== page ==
SALT - Monday, 25 Kislev 5780 - December 23, 2019

  • Rav David Silverberg
            Parashat Mikeitz begins with the story of Pharaoh’s peculiar dream which Yosef correctly interpreted as foreseeing the onset of seven years of surplus which would be followed by seven years of harsh drought.  Pharaoh first dreamt of seven large cows swallowing seven emaciated cows, and then of seven large sheaves of grain devouring seven lean sheaves.  Yosef informed Pharaoh that both visions foresaw the same sequence of events – a seven-year period of prosperity that would be “devoured” by a seven-year period of shortage.
            In describing Pharaoh’s first vision, of the cows, the Torah tells that after the seven large cows emerged from the river, “va-tir’ena ba-achu” (41:2) – they grazed “in the meadow.”  What is the significance of this detail – that the large cows grazed in the meadow – to the dream and its prophetic message?
            The Midrash (Tachuma Yashan) answers this question by reinterpreting the word “ba-achu” to mean “in harmony,” associating the word “achu” with the word “ach” (“brother”).  (See Rav Shimshon Raphael Hirsch’s commentary, where he suggests connecting the conventional translation of “achu” – “meadow” – with the word “ach” by noting that “grass is a ‘social plant’ which as a rule never grows singly.”)  According to the Midrash, the vision of seven large, well-fed cows grazing in a harmonious, “brotherly” fashion represents the peace and harmony that generally prevails during times of financial prosperity, as people are content and have no need to compete with one another for limited resources.
            The classic commentators, however, offer explanations for the significance of this detail even according to the plain meaning of “ba-achu,” as referring to a meadow.  The Radak writes that this was mentioned to emphasize that the cows found large quantities of pasture in which to graze.  According to the Radak, this detail foreshadows the abundance of food that would characterize the seven surplus years.  The Ramban explains differently, noting that the Torah makes a point of mentioning the whereabouts of the large cows after their emergence from the river, but not the whereabouts of the lean cows that followed them and then devoured them.  This distinction, the Ramban proposes, perhaps indicated that the surplus would be experienced only in Egypt, whereas the drought struck the neighboring countries, as well.  As the Ramban cites, the Torah later seems to stress that the prosperity of the seven surplus years was enjoyed specifically in Egypt (41:29,48).  It is clear, however, that the famine struck the entire region, for the Torah states explicitly that people from other countries – including Yosef’s brothers from Canaan – came to Egypt to purchase grain (41:57).  Therefore, the Ramban suggests, Pharaoh saw the seven large cows grazing together in one location, indicating that the surplus would be experienced only in one location – Egypt – whereas the lean cows scattered about, foreshadowing the lean years which would be felt throughout the entire region.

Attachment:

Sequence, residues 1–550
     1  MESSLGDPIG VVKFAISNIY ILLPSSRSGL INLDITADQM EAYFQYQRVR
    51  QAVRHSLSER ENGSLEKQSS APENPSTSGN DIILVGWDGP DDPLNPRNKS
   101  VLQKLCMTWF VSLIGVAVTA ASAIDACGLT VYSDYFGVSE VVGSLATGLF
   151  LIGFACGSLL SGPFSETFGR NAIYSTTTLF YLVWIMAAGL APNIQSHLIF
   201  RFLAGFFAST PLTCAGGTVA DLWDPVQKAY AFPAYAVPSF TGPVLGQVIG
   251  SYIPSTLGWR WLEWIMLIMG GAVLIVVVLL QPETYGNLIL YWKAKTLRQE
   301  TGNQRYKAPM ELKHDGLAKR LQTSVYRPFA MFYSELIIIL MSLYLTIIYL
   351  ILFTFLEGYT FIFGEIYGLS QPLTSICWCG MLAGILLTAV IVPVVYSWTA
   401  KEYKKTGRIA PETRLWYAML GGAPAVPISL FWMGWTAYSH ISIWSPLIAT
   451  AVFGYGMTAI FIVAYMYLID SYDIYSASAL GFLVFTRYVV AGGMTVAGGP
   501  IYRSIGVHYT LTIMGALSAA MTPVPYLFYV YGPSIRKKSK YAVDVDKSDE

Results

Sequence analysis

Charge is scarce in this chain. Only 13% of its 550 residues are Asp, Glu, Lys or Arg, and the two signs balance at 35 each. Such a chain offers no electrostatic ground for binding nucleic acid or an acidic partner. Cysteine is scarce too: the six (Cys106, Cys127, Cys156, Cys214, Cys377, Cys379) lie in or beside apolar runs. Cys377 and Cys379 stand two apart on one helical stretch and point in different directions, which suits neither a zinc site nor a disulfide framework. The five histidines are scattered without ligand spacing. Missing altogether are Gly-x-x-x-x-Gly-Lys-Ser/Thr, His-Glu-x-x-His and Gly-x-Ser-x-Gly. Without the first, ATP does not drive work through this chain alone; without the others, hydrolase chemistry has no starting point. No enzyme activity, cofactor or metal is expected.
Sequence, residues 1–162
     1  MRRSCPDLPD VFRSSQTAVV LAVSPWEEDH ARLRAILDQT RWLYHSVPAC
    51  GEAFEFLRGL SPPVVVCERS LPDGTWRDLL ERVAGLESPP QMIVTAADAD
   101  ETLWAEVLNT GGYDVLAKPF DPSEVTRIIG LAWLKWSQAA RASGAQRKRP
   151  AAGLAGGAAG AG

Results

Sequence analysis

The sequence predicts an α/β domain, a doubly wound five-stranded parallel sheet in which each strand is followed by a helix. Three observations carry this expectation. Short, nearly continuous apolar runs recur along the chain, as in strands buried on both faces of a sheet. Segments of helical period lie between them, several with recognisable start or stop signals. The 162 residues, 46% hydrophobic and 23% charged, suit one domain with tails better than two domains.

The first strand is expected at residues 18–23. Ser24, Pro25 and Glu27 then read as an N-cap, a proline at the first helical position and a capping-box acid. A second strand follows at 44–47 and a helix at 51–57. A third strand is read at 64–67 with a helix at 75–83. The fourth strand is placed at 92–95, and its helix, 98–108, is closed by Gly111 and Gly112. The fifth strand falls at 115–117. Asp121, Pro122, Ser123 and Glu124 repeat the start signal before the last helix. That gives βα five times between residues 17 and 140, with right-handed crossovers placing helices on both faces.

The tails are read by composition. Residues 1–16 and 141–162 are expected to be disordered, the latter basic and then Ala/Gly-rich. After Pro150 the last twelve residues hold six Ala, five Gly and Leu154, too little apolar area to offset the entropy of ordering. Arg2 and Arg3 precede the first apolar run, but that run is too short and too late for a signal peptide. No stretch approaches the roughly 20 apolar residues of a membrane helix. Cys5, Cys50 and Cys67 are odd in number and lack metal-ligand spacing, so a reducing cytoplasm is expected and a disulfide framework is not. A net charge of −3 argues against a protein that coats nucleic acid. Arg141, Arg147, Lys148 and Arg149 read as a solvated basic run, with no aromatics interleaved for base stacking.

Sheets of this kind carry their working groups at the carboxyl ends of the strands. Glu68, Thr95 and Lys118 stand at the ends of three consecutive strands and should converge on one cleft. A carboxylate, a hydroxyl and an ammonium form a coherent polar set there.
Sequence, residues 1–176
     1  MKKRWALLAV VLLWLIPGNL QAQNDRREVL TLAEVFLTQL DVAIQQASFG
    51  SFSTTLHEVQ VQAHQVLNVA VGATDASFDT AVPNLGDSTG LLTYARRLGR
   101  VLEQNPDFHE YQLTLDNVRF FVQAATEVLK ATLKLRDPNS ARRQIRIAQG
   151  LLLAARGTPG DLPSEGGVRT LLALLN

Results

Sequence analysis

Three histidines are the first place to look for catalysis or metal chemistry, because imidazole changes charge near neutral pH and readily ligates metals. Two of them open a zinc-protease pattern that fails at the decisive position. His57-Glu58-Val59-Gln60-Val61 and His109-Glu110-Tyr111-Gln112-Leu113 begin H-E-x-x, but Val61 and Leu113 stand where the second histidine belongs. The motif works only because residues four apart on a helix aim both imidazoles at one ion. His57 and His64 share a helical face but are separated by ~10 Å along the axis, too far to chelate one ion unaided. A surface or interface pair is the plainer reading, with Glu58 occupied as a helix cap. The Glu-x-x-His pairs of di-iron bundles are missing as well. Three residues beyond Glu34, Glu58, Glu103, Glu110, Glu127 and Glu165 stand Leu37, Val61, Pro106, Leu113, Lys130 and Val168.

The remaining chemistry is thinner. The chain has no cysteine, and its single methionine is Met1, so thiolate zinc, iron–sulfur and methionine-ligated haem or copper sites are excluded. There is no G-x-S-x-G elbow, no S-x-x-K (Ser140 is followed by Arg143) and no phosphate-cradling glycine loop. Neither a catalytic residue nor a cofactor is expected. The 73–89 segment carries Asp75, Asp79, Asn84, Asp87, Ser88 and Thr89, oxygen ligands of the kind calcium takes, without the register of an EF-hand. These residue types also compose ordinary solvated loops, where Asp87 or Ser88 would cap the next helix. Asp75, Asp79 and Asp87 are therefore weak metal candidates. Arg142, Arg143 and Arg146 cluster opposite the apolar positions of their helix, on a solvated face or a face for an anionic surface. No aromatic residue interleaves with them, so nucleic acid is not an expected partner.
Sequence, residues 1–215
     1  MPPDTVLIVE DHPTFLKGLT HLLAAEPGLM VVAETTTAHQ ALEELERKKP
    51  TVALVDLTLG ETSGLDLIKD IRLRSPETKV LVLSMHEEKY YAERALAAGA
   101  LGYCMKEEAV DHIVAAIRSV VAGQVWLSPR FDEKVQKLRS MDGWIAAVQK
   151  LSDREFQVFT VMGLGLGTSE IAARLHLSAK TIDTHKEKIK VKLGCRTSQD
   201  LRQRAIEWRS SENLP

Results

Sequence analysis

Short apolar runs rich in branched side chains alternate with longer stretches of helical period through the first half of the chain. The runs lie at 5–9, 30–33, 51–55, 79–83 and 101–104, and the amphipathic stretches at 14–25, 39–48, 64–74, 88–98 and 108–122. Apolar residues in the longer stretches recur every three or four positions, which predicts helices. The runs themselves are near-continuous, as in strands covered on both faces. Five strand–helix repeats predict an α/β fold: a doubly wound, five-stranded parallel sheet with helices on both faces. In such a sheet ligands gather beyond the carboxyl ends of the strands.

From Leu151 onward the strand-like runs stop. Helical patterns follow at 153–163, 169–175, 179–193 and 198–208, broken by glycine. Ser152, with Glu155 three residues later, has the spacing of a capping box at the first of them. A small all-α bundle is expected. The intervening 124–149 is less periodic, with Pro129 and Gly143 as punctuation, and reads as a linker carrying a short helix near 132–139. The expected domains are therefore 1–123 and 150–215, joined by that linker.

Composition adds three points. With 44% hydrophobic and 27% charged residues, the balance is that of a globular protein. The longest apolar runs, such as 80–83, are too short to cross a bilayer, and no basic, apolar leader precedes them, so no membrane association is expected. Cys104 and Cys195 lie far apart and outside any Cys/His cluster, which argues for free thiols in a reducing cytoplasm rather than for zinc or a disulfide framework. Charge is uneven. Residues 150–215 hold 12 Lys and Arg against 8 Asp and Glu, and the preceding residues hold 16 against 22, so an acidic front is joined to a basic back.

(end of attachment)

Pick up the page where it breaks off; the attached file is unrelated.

A different approach is taken by Rav Shimshon Raphael Hirsch, who explains that Pharaoh saw the seven lean cows consuming all the pasture in the meadow, leaving nothing for the lean cows that followed.  Cows, Rav Hirsch observes, are not cannibals, but the lean cows were forced to eat the other cows because there was no pasture left for them.  And thus the dream presented not only a prediction of what would happen, but a sober warning to Pharaoh not to allow all the “pasture” to be depleted by the seven “large cows” – the years of surplus – and to instead store grain during the period of surplus in preparation for the “lean years” that would follow.  This explanation of the dream answers the question asked by many as to why Yosef felt it appropriate to conclude his interpretation of Pharaoh’s dream by urging Pharaoh to appoint an official to store grain during the years of surplus.  According to Rav Hirsch, this piece of advice actually constituted part of the interpretation of the dream, which specifically warned of the grave consequences of consuming all the “pasture” without putting some away for the years of shortage.